by Mike Smola
Hawaiian Mission Houses Historic Site and Archives has spent the last eight years developing a very successful History Theater program through our Oʻahu Cemetery Pupu Theatre program. These are first-person, scripted portrayals of actual historical figures from Hawaiian history. The last several years of the program, Hawaiian Mission Houses (HMH) has had sold-out performances and had to expand the program from two to three weekends. HMH has also begun to partner with museums, churches, and community groups to travel these portrayals to Maui, Kauai, and Hawaiʻi Island. From September 29 to October 23, 2019, “My Name is ʻŌpūkahaʻia,” with a companion Hawaiian cultural program performed by musician and vocalist Poʻai Lincoln, the Cultural Programs Coordinator at HMH, will be travelling to New England and Washington, D.C. to reconnect the historical ties between New England and Hawaiʻi through the story of ʻŌpūkahaʻia.
Theater and dramatic presentations coupled with other humanities fields such as anthropology, ethnography, music, literature, and history, can be a very powerful method of interpretation and education. HMH has certainly found this to be true through its own program. In the words of a theater reviewer in Honolulu, “It’s entertaining, educational without being didactic, and an engaging introduction to important figures in Hawaii’s history.” The key, HMH has found, is the inclusion of verbatim quotes from primary source research material rewoven by talented scriptwriters. As the HMH staff is fond of telling guests, “We don’t have to put words in these peoples’ mouths, because we have them through the use of letters, diaries, and newspaper stories– we use their own words.” This is something the HMH staff and the audience feel make the portrayals authentic and real in ways that a normal theater production might not.
ʻŌpūkahaʻia (later given the name Henry), was a Native Hawaiian born during King Kamehameha the Great’s wars of unification that would unify all of the islands into a single kingdom. His immediate family was killed during a rebellion against Kamehameha’s rule. ʻŌpūkahaʻia was taken captive but later given to his uncle. He left Hawaiʻi in 1807 aboard an American merchant ship. The journey took about two years to New Haven, Connecticut. In New Haven, ʻŌpūkahaʻia fell in with a group of Yale students connected to the American Board of Commissioners for Foreign Missions in Boston. ʻŌpūkahaʻia converted to Christianity and toured New England to gain support for the American Board’s efforts. ʻŌpūkahaʻia was a powerful public speaker, and his efforts led to the formation of the Sandwich Islands Mission. This mission set sail in October 1819 and arrived in Hawaiʻi in April 1820 with seven American couples, five children, and four Native Hawaiians who had attended the Foreign Mission School in Cornwall, Connecticut. The changes in Hawaiian government, society, and culture over the next 70 years would largely come about due to the relationships between the Hawaiian royalty and these missionaries in the first 35 years of the Sandwich Islands Mission.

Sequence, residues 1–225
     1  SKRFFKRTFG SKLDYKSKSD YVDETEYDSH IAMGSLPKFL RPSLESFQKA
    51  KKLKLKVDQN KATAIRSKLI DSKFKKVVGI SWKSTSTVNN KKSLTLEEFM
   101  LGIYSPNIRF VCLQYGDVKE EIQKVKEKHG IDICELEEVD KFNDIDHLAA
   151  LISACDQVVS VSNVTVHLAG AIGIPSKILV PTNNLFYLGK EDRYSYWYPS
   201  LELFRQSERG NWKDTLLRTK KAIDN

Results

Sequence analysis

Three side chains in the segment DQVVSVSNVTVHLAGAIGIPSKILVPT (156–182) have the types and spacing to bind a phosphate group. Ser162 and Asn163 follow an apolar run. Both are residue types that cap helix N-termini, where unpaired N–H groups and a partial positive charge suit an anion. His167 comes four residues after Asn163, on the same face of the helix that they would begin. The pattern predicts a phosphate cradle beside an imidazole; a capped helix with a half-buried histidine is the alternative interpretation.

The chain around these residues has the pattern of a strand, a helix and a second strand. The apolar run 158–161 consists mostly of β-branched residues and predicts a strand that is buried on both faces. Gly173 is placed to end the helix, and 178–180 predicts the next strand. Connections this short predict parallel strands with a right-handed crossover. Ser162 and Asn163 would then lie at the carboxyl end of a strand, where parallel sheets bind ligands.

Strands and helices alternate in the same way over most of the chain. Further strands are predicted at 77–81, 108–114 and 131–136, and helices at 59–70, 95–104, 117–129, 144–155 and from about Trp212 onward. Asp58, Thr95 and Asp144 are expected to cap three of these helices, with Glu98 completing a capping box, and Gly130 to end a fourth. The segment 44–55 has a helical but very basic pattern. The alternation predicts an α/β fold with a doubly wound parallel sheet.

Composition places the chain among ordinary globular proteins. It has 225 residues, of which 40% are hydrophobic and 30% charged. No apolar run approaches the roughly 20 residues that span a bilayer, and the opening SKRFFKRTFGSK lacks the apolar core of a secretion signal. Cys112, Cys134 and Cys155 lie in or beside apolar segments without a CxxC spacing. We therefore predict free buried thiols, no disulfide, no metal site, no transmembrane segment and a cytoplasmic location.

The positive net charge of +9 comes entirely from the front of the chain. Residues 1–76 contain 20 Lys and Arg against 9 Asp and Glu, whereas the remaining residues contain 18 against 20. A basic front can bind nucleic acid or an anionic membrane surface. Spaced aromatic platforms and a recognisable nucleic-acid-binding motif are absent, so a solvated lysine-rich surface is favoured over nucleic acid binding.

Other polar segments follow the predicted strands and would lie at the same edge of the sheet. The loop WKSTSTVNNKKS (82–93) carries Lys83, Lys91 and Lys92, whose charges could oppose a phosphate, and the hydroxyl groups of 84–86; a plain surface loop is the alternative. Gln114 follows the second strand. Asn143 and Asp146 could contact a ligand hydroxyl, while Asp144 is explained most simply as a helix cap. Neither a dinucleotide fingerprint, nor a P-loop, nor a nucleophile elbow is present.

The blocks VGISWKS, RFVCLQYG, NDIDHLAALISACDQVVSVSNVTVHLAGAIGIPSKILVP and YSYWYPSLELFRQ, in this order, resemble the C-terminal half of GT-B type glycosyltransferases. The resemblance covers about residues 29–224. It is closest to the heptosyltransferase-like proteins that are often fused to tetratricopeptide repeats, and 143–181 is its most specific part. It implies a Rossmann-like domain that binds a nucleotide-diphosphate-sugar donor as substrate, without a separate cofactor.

The history theater programs are always followed by a “talk back session” that involves the actors, theater director, and Hawaiian Mission Houses staff. This where the different fields in the humanities intersect and really come to life. This part of the program is also where the interesting discussions of history and the different aspects of theater are really considered and discussed with the guests in a relaxed and welcoming environment that promotes discussion about the program they’ve just experienced.
“My Name is ʻŌpūkahaʻia “will be touring the east coast to churches with historical connections to the missionaries and ʻŌpūkahaʻia, museums, living history sites such as ALHFAM members Old Sturbridge Village, the D.A.R. Museum, universities such as Yale and Williams College, and organizations such as the American Antiquarian Society and the Congregational Archives at 14 Beacon Street in Boston. There will also be discussion programs funded by MassHumanities featuring scholars from Massachusetts and Hawaiʻi to unpack the nuances and impacts of this one Hawaiian man’s journey that led to massive changes in his homeland. For a performance schedule and more information visit https://www.missionhouses.org/bicentennial-menu
Mike Smola is the Curator of Public Programs at the Hawaiian Mission Houses Historic Site and Archives and is the researcher for the History Theater programs. He has been an ALHFAM member since 2011 and served on the ALHFAM Board from 2016 to 2019.